New year, new everything, new life?

New, new, new … It is amazing how people suddenly get into a state of “changing everything” when each new year starts.

It is the time! The time for the traditional New Year’s resolutions. But why not at any time of the year? Why not Easter, your birthday, anyone else’s birthday, any other day? Should we call it tradition, habit, routine?

Any day would be good to start changing when you are not doing the right thing. Any other day would be better for a change-of-lifestyle resolution than New Year’s day as it would mean a really unique, strong, independent decision.

Weight, exercise, better relationships and quitting smoking have been at the top of the turn-of-the-calendar objectives for both sexes, and health-related ones are indeed the most popular.

I am not going to tell you what to eat, how to diet, or how to stop smoking. The most important thing is to consider any New Year’s resolution in a realistic way, which most people do not.

This brings us to the most popular New Year’s resolution: to lose weight.

Lose weight, eat less junk food… they top many New Year’s resolution lists. But sticking with these good intentions is just not easy.

The problem is most people have unrealistic expectations.

When anyone resolves to lose weight, they often decide this is the year they are going to completely change everything about their diet. They tend to cut out major food groups, telling themselves they cannot have any sweets or carbohydrates.

This is just too hard to do and it is a set-up for failure because by the time mid-January comes round, those resolutions are already in line … for the next New Year. Willpower is not the issue; willpower goes away easily when it comes to depriving yourself. Nobody gets excited about that, it is depressing.

A much wiser decision would be to cut back on dessert and have it only once a week, maybe on Saturday.

Think positive, think that you will feel better and have more energy if you eat healthily.

So, resolve to eat better and be healthier instead of just “losing weight”.

Have you ever asked yourself why you eat and drink? To feed your body? To compensate for problems? Because it is one of life’s pleasures? Because it is important as a social and business behaviour?

All this is true, but the same is still possible with better eating habits. Because better eating habits should be a whole year’s resolution, not just a New Year’s resolution.

When making dietary changes, start small and set a few realistic goals. In the long run, you will have better self-esteem and more self-confidence because you will actually stick with them. Instead of deprivation, practice moderation.

The reduction approach is much more realistic than the all-or-nothing attitude. Food is good, necessary and one of life’s pleasures. Just because we are over the weight we should be, there is no reason why we should not enjoy food.

Making small changes, in your diet and exercise habits, will do your body a whole lot of good and bring pleasant rewards into your quality of life.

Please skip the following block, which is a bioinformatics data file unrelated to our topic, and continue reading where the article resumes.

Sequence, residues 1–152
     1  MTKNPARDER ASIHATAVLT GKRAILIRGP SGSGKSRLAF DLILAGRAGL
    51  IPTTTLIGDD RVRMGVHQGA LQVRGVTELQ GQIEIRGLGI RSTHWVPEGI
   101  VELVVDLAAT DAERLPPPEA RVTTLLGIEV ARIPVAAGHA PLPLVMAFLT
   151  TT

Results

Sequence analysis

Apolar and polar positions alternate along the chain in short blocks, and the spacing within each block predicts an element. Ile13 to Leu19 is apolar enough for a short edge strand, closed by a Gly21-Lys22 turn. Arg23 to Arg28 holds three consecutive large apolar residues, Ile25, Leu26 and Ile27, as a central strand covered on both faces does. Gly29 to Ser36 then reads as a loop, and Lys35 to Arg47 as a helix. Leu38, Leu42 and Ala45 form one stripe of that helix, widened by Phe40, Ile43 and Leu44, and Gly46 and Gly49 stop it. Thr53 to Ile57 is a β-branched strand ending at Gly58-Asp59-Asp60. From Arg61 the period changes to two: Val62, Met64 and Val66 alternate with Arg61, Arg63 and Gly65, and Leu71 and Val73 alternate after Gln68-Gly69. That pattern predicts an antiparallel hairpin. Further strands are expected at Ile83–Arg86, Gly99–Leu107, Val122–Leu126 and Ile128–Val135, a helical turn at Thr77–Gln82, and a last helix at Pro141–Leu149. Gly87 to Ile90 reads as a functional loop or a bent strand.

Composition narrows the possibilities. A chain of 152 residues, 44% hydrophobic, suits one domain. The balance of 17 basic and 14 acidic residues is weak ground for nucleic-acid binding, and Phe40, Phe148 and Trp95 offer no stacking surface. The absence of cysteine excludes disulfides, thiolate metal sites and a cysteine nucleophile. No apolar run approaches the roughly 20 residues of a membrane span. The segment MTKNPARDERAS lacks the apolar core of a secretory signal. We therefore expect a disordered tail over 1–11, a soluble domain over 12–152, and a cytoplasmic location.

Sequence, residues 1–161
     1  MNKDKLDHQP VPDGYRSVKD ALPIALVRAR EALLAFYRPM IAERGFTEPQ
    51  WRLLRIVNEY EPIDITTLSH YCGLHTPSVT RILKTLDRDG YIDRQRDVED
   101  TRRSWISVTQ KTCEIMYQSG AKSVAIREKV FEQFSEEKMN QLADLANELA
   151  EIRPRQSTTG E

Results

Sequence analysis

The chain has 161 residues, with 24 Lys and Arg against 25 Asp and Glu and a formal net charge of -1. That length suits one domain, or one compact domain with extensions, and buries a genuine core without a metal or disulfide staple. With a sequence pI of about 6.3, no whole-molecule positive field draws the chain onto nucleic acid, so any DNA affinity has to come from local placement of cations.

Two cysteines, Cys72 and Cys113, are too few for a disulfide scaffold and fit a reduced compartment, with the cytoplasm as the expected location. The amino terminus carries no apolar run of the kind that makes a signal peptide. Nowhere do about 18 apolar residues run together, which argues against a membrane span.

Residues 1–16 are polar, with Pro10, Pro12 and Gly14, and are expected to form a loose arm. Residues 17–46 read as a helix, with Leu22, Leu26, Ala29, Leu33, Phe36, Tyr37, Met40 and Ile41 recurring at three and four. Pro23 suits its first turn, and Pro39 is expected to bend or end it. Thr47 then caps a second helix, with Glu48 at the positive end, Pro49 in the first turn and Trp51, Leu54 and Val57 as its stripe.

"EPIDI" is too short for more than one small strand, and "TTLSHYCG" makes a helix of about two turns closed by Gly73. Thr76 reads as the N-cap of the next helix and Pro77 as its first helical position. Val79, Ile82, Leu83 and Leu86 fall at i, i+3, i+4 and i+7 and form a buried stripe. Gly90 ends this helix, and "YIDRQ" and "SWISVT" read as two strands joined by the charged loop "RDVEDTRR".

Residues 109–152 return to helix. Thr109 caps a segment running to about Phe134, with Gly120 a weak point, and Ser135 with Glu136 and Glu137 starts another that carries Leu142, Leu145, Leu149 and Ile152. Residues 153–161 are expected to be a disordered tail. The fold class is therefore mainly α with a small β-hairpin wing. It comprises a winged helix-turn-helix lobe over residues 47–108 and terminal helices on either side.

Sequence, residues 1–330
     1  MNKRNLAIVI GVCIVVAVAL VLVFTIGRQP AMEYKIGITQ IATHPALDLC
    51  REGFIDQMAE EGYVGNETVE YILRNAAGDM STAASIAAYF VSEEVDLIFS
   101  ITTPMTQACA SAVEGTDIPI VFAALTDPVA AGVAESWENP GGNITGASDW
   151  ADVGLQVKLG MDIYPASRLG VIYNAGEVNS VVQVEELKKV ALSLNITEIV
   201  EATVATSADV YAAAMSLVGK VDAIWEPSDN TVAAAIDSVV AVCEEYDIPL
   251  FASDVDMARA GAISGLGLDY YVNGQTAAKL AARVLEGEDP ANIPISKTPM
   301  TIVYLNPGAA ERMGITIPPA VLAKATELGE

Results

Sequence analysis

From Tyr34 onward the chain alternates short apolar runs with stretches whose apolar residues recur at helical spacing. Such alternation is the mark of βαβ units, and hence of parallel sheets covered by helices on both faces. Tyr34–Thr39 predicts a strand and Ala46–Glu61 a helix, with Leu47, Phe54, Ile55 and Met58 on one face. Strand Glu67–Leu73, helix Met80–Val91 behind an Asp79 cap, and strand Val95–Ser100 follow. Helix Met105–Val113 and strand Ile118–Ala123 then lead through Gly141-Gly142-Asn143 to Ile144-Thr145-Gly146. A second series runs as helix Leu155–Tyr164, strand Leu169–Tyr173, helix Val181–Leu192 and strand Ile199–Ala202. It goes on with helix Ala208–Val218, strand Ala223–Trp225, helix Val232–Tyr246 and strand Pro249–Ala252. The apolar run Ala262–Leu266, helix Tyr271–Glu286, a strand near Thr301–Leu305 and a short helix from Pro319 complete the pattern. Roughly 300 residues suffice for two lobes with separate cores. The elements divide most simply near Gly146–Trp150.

2016 is here. Where has 2015 gone? If you think back, what have you achieved out of your 2015 New Year’s resolutions?

Did you quit smoking? Did you lose weight? Have you really exercised as much as you decided you would do this time last year?

Are you going to start everything all over again, exactly the same way? And fail, once more, exactly the same way? Boring, frustrating and very disappointing.

Should we then stop all this nonsense about resolutions that we can never keep and reflect on the past 12 months, looking ahead to a more realistic approach in changes that we really can make today to improve our quality of life and our health… tomorrow, during this new year and all the new years to come?

We must look at health and quality of life as a whole, not as separate parts.

Keep in mind: what makes you put on weight is not what you eat between Christmas and New Year but what you eat between New Year and Christmas.

If your main resolution for 2016 is to live healthier, make it an every day resolution, 365 days of the year. That is the only way it will really work.

In this New Year, thousands of people will become ill and many will die prematurely for reasons that are entirely preventable.

In 2016, without question, you should continue to turn to your physician to provide the highest quality of care for you and your family. If that is the case, perhaps you will look at your resolutions as something the doctor ordered.

Aim for a good quality of life and do not ignore reality. The Homo Sapiens is supposed to think and be rational!

To not let ourselves die prematurely should be everyone’s 2016 resolution.

Best healthy wishes for 2016!

Dr. Maria Alice

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Dr Maria Alice is a consultant in General and Family Medicine. General Manager/Medical Director – Luzdoc International Medical Service / Medilagos. Medical Director – Grupo Hospital Particular do Algarve